More running games
If kids don’t want to play tag games, or one of the many variations of tag, but still want to run, here are some fun no-equipment running games that don’t involve tagging players.
The Captain is Coming
This game starts by designating one player as “the Captain.” This player is captain of the ship and will shout out commands that the other players must follow. The last player to do the command is eliminated from the game until only one player remains. Before starting the game, use real or imaginary markers to designate the different sides of the ship: front (bow), back (stern), left side (port) and right side (starboard). Make sure all the players know the names and directions of the sides of the ship, as well as what the other commands mean. It helps to do a couple practice runs. It’s also a good idea to start with a handful of commands and add more commands to increase the complexity of the game.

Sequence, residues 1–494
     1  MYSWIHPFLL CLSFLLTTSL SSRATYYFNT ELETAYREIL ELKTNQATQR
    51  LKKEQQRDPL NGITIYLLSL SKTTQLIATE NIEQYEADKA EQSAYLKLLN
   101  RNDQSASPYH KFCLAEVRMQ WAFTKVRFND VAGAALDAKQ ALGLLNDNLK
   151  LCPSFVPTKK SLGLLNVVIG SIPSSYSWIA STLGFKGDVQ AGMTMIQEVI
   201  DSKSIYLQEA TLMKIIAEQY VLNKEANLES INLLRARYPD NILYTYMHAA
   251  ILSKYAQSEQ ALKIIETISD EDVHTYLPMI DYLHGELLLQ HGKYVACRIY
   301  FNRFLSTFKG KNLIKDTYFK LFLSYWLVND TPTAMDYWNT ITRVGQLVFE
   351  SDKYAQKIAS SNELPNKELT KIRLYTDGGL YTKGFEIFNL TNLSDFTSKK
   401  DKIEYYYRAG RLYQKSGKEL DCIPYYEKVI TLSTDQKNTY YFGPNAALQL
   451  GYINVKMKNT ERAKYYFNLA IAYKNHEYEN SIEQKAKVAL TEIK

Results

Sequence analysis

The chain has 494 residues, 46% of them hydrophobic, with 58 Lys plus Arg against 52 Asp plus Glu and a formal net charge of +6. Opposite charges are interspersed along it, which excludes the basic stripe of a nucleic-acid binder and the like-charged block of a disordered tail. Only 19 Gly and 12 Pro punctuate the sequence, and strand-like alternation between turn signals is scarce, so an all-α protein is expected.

Bow: Run to the front of the ship
Stern: Run to the back of the ship
Port: Run to the left side of the ship
Starboard: Run to the right side of the ship
Captain’s coming: Run to the captain and salute.
Hit the deck: Lie on the ground.
Scrub the deck: Pretend to scrub the ground.
Climb the rigging: Pretend to climb a rope.
Dig for treasure: Pretend to dig.
Cannonballs: Crouch down and cover your ears.
Submarine: Lay on back and stick up one leg.
Three men in a lifeboat: Three players stand together and pretend to row a boat.
Let the kids behave like animals! Line kids up on one side of an area and have them race to a finish line using different animal movements: crawl like a crab, hop like a bunny, waddle like a duck, run like a gorilla, etc.